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Freeze may take heavy toll on Florida citrus

"This is a one-time chance for people to photograph something like this in a hot place like Florida," iReporter Karl Rottmann said of photos taken in St. Augustine, Florida, Sunday.
"This is a one-time chance for people to photograph something like this in a hot place like Florida," iReporter Karl Rottmann said of photos taken in St. Augustine, Florida, Sunday.
STORY HIGHLIGHTS
  • Temperature in Tallahassee drops to 18 on Monday morning
  • Crops may have been damaged by 28-degree cold overnight Saturday and Sunday
  • Florida produces 40 percent of world's orange juice

(CNN) -- Frigid temperatures threatened Florida citrus crops as much of the Southeast into plunged into the teens Monday morning.

State capital Tallahassee had plunged to 16 degrees by 5:25 a.m. ET, while temperatures in the 30s or below could be found well south of Orlando.

The cold made Florida cities like Winter Haven anything but.

The National Weather Service issued a hard freeze warning that extended as far south as Lake Okeechobee.

Normally immune to the cold of winter, temperatures in Miami barely got into the 40s on Sunday; normally, they'd be in the 70s.

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  • Winter Weather
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But the biggest news about the big chill is coming from the northern part of Florida, where a hard freeze watch is in effect, CNN's meteorologist Bonnie Schneider said. That could be bad news for citrus trees that rarely survive when temperatures remain in the mid-20s or below for four hours or longer, according to Kristen Gunter, a spokeswoman for the association of companies that pick and process the oranges.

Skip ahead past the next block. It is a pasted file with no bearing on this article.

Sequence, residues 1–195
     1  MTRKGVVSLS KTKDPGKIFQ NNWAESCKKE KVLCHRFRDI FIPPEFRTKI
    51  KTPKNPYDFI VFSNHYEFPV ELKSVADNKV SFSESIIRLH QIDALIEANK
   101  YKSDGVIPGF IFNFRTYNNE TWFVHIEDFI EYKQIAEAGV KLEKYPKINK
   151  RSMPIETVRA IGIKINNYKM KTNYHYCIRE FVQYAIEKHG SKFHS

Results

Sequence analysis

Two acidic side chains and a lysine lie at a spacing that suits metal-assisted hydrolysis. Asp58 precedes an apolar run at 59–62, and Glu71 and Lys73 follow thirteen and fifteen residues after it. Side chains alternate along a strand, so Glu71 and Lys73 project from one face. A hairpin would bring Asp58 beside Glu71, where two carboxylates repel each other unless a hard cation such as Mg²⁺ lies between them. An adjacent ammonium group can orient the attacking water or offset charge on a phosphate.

Some groves in the northern part of the growing area sustained substantial damage Saturday night and Sunday morning, when temperatures dipped to 28 degrees or lower for at least six hours, said Andrew Meadows, spokesman for Florida Citrus Mutual, a group representing about 8,000 citrus growers in the state. It will take about five weeks to quantify the losses, he said.

Florida citrus is a $9.3 billion industry. The state produces three-quarters of the United States' orange crop and 40 percent of the world's orange juice supply.

"[Sunday night] will be the night to watch, because if things don't go well, the entire economy will be affected, jobs could be lost if fruit on the ground cannot be harvested, workers will go elsewhere in the U.S., and Florida will lose," Gunter said.

The citrus harvest is at its peak right now, she said, and workers are already grinding away seven days a week as it is. "I'm not sure we can work any faster," Gunter said.

 
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